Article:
I'm interested to find out what is the resulting distribution for a discrete random variable $Y$ whose probability mass function is defined as:

$$ Pr(Y = k) = C \cdot \frac{Pr(X_1 = k) \cdot Pr(X_2 = k)}{Pr(X_3 = k)} $$ for $k = 0, 1, 2,\ldots$, where each of the (independent) $X_i$'s follows a Negative Binomial distribution with $X_i \sim NB(r_i, p_i)$ for $i = 1, 2, 3$, while $C$ is the normalizing constant.

I've managed to show that when $X_i \sim Poisson(λ_i)$ then $Y \sim Poisson(\frac{λ_1 λ_2}{λ_3})$ but have so far failed to get somewhere with the negative binomial case.

Starting from:

$$ Pr(X_i = k) = {k + r_i - 1 \choose k} {p_i}^{r_i} (1 - p_i)^k $$

I've managed to find (I think!) that the pmf of $Y$ would include this quantity: $$ \frac{{p_1}^{r_1} {p_2}^{r_2}}{{p_3}^{r_3}} \cdot \bigg[\frac{(1-p_1)(1-p_2)}{(1-p_3)}\bigg]^k $$ and other factorials / Gamma functions involving $r_1, r_2, r_3$ and $k$, but couldn't reach the end. My gut feeling (backed by some simulations) is that $Y$ will also follow a negative binomial distribution but can't prove if that's the case and, if so, what the corresponding expressions for $r_y$ and $p_y$ (in terms of the $r_i$'s and the $p_i$'s) will be.

Any help will be much appreciated. Thanks!


On the face of it it seems your suggestion could work for the negative binomial if $r_1=r_2=r_3$ even if $p_1,p_2,p_3$ differ so long as $p_3$ is small enough, but might not work if $r_1,r_2,r_3$ differ.

Suppose $r_1=r_2=r_3=r$. Then

$$\Pr(Y = k) = C \cdot \frac{\Pr(X_1 = k) \cdot \Pr(X_2 = k)}{\Pr(X_3 = k)} \\ = C \cdot \frac{{k + r - 1 \choose k} {p_1}^{r} (1 - p_1)^k \cdot {k + r - 1 \choose k} {p_2}^{r} (1 - p_2)^k}{{k + r - 1 \choose k} {p_3}^{r} (1 - p_3)^k} \\ = {k + r - 1 \choose k} C \cdot \frac{{p_1}^{r} \cdot {p_2}^{r} }{ {p_3}^{r} }\left(\frac{(1 - p_1) \cdot (1 - p_2)}{ (1 - p_3)}\right)^k $$

and now let $p=1-\frac{(1 - p_1) \cdot (1 - p_2)}{ (1 - p_3)}$ and $C=\frac{ {p}^{r} \cdot{p_3}^{r} }{{p_1}^{r} \cdot {p_2}^{r} }$ so $$\Pr(Y = k) = {k + r - 1 \choose k} p^r \left(1-p\right)^k$$ which is a negative binomial, at least when $0 < p < 1$ which requires $1-p_3 > (1-p_1)\cdot (1-p_2)$; you need that condition anyway as otherwise $\frac{\Pr(X_1 = k) \cdot \Pr(X_2 = k)}{\Pr(X_3 = k)}$ would be an increasing function of $k$ and so have an infinite sum making $C$ zero.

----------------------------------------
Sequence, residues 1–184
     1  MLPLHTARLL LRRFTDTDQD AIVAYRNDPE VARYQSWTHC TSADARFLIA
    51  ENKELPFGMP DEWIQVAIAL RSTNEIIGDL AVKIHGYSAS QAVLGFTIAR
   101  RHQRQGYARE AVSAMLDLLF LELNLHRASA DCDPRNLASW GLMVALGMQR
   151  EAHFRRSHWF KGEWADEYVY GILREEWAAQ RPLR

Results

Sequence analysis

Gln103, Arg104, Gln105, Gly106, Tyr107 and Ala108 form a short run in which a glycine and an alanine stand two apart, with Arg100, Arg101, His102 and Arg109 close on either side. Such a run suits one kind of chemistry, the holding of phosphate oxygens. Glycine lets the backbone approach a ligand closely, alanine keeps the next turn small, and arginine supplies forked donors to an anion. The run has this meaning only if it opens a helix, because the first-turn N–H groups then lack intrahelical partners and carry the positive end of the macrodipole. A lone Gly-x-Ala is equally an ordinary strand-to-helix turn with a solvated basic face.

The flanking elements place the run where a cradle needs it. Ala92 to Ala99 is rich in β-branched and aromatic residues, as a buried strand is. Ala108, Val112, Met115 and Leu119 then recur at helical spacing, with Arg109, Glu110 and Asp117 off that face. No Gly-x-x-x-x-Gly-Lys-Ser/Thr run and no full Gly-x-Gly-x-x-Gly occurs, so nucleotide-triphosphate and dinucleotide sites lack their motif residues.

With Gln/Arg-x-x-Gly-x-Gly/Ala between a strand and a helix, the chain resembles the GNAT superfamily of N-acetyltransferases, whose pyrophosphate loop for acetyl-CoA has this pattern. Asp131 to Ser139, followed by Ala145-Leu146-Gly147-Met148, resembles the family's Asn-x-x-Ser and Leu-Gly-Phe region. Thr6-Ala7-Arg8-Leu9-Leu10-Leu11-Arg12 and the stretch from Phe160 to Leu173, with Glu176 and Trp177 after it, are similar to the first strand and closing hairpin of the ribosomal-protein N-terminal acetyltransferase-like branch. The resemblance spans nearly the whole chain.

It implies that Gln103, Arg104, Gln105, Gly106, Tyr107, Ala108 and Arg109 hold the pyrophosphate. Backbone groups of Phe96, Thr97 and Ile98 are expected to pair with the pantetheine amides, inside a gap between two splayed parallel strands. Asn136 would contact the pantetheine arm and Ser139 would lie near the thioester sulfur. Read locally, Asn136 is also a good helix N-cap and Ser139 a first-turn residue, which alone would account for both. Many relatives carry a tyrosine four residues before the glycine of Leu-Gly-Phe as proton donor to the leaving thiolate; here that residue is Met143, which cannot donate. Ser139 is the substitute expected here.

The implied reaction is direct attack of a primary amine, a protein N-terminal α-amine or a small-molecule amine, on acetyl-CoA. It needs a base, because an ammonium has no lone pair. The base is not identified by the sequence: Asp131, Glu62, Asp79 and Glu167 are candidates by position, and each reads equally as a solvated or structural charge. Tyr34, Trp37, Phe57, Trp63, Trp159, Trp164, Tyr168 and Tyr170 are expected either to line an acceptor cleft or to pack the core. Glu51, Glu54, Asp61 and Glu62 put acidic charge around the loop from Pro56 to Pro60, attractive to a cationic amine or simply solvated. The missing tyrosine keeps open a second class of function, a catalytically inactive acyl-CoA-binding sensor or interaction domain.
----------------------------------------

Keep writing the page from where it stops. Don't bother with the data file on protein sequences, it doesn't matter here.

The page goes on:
Now for a counterexample where $r_1,r_2,r_3$ differ. Suppose $r_1=r_2=1$ but $r_3=2$, and $p_1=p_2=p_3=\frac12$. Then

$$\Pr(Y = k) = C \cdot \frac{{k \choose k} \frac12 \frac1{2^{k}}\cdot {k \choose k} \frac12 \frac1{2^{k}}}{{k+1 \choose k} \frac1{2^2} \frac1{2^{k}}} = C \cdot \frac{ 1}{(k+1){2^{k}} }$$ which will require $C=\frac{1}{2\log_e(2)}$. This $Y$ will have mean $\frac{1}{\log_e(2)}-1\approx 0.4427$ and variance $\frac{2}{\log_e(2)}- \frac{1}{\log_e(2)^2}\approx 0.8040$ and $\Pr(Y = 0) = C \approx 0.7213$.

If this $Y$ were negative binomial then this mean and variance would suggest $p = \frac{\log_e(2)\left(1-\log_e(2)\right)}{2\log_e(2)-1}\approx 0.5506$ and $r=\frac{(1-\log_e(2))^2}{\log_e(2)^2 +\log_e(2)-1} \approx 0.5424$. That $r$ is not an integer, but even if we allowed that, those $p$ and $r$ would suggest $\Pr(Y = 0)=p^r \approx 0.7235$ which is wrong, so we can conclude that this $Y$ does not have a negative binomial distribution

| cite | improve this answer | |

Your Answer

By clicking “Post Your Answer”, you agree to our terms of service, privacy policy and cookie policy

Not the answer you're looking for? Browse other questions tagged or ask your own question.